Proximal gastric vagotomy with suprapyloric mucosal antrectomy for duodenal ulcer.Acta Chir Scand. 1977; 143(3):163-6.AC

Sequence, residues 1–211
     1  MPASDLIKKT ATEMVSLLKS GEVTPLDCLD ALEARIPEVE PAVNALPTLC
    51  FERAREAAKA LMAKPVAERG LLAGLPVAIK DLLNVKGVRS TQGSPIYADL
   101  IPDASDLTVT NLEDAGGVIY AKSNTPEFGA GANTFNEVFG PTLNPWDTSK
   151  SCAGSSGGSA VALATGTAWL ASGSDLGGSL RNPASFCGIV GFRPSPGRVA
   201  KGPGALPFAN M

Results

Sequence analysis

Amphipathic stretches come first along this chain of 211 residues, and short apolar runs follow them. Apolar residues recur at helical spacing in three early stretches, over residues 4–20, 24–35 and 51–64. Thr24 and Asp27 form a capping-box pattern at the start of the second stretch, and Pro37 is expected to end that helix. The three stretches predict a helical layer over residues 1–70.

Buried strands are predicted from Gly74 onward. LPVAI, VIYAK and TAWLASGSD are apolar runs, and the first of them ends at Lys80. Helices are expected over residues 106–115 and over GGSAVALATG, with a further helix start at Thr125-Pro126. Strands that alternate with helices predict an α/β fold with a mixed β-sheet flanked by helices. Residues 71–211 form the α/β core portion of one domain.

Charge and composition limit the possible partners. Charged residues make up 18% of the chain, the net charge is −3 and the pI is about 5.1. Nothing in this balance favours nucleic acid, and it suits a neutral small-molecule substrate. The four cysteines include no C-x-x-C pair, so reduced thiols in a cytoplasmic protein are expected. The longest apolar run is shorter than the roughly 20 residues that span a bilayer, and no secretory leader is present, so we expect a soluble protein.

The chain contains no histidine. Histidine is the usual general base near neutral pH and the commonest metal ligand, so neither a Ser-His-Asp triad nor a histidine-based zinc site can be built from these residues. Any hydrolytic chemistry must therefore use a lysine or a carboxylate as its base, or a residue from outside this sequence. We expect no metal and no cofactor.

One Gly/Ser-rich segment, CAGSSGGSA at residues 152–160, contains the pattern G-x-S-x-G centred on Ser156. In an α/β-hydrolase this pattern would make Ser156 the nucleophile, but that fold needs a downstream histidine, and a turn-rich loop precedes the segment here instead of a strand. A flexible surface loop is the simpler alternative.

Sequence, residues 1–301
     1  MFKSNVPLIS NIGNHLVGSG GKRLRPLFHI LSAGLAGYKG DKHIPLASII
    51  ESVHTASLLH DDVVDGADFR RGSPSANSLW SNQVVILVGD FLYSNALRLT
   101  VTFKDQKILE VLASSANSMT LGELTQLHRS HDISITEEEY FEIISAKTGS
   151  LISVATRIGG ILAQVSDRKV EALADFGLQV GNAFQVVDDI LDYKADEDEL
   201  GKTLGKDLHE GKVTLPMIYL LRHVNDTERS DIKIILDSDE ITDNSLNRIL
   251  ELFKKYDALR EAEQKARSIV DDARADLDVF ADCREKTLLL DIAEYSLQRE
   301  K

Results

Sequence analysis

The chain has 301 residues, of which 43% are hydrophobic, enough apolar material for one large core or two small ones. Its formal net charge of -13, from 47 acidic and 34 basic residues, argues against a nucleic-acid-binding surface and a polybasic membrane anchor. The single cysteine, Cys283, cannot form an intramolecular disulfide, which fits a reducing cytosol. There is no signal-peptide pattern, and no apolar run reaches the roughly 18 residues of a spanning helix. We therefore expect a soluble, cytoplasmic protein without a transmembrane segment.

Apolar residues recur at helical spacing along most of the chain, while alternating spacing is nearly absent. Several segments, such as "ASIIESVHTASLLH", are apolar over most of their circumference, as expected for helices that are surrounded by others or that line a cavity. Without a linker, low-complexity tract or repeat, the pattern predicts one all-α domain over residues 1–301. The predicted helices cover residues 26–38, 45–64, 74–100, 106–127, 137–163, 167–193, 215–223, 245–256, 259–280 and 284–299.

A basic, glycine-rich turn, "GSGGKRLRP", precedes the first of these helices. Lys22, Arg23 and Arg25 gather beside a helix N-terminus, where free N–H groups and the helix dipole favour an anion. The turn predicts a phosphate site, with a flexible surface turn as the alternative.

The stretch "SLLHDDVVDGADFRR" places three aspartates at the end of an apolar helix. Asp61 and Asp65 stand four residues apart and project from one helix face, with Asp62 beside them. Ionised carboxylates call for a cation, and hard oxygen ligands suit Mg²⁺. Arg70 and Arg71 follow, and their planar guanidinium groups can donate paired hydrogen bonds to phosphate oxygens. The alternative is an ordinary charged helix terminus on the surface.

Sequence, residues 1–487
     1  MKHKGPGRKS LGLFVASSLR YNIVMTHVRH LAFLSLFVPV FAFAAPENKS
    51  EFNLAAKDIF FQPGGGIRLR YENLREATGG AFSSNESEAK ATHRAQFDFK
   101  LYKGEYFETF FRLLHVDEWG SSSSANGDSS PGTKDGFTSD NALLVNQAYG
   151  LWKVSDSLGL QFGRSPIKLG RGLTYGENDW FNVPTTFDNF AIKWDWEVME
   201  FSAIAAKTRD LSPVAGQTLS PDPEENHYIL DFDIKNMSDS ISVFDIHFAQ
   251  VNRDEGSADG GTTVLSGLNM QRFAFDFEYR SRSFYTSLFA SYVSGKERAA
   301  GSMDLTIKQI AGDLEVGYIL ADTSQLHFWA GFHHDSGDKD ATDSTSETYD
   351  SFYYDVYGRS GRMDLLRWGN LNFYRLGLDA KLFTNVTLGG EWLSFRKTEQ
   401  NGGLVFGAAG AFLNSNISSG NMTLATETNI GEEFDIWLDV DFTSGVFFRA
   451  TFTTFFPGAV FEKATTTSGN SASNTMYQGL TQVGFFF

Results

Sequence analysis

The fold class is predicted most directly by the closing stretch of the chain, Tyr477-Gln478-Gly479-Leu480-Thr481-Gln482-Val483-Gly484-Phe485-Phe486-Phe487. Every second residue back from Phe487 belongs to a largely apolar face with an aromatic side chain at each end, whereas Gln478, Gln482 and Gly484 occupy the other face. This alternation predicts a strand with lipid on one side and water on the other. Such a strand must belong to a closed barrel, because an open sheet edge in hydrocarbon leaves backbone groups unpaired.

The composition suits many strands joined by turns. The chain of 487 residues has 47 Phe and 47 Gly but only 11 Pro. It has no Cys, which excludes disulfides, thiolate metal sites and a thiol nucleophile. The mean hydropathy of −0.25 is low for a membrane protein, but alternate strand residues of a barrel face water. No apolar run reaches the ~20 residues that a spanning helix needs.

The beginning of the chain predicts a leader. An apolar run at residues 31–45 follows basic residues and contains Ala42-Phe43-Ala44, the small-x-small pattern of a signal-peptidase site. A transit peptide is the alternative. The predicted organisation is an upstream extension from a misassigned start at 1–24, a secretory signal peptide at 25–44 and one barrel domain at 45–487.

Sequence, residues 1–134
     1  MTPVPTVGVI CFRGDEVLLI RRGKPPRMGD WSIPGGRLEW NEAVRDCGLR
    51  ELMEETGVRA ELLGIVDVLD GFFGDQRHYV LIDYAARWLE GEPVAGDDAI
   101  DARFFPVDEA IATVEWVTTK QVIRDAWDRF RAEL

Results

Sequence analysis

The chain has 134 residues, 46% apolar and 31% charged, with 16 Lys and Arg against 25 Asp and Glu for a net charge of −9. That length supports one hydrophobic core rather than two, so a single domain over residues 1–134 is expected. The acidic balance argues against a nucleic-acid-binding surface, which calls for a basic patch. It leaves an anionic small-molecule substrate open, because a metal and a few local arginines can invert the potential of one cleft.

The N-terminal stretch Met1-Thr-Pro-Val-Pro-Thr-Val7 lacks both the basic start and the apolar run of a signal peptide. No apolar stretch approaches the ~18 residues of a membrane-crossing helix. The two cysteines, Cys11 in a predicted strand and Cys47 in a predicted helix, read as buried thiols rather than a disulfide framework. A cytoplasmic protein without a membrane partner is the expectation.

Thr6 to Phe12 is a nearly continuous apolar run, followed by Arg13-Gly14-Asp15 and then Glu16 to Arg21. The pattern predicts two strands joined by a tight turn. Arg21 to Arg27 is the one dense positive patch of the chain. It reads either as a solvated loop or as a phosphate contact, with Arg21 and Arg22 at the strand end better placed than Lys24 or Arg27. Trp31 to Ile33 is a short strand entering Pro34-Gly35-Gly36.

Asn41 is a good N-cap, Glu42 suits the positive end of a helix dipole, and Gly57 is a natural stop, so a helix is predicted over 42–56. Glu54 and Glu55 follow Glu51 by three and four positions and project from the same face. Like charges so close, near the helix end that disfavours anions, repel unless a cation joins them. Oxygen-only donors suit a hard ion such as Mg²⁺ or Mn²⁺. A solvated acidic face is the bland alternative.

The feasibility of doing proximal gastric vagotomy with suprapyloric mucosal antrectomy for duodenal ulcer was investigated in a pilot study of seven patients. The aim was to reduce the risk of recurrent duodenal ulcer after proximal gastric vagotomy without causing a simultaneous increase of the risk of dumping and diarrhoea. The patients were subjected to pre- and early postoperative gastric secretory tests, radiologic and endoscopic examinations of gastric motility 2 months later, and a clinical follow-up 1 year after the operation. Basal and maximum acid secretion was reduced by 86 and 70% in average in 6 patients. One patient developed mild dumping. Neither recurrent duodenal ulcer nor diarrhoea was accounted. However, 3 patients developed severe gastric stasis and 2 of these had to be reoperated, one having an anastomotic ulcer between fundic and suprapyloric mucosa. The results of this rather timeconsuming and tedious operation did not encourage further trial, but suggested proximal gastric vagotomy alone as being the operation of choice for duodenal ulcer without pyloric or duodenal stenosis.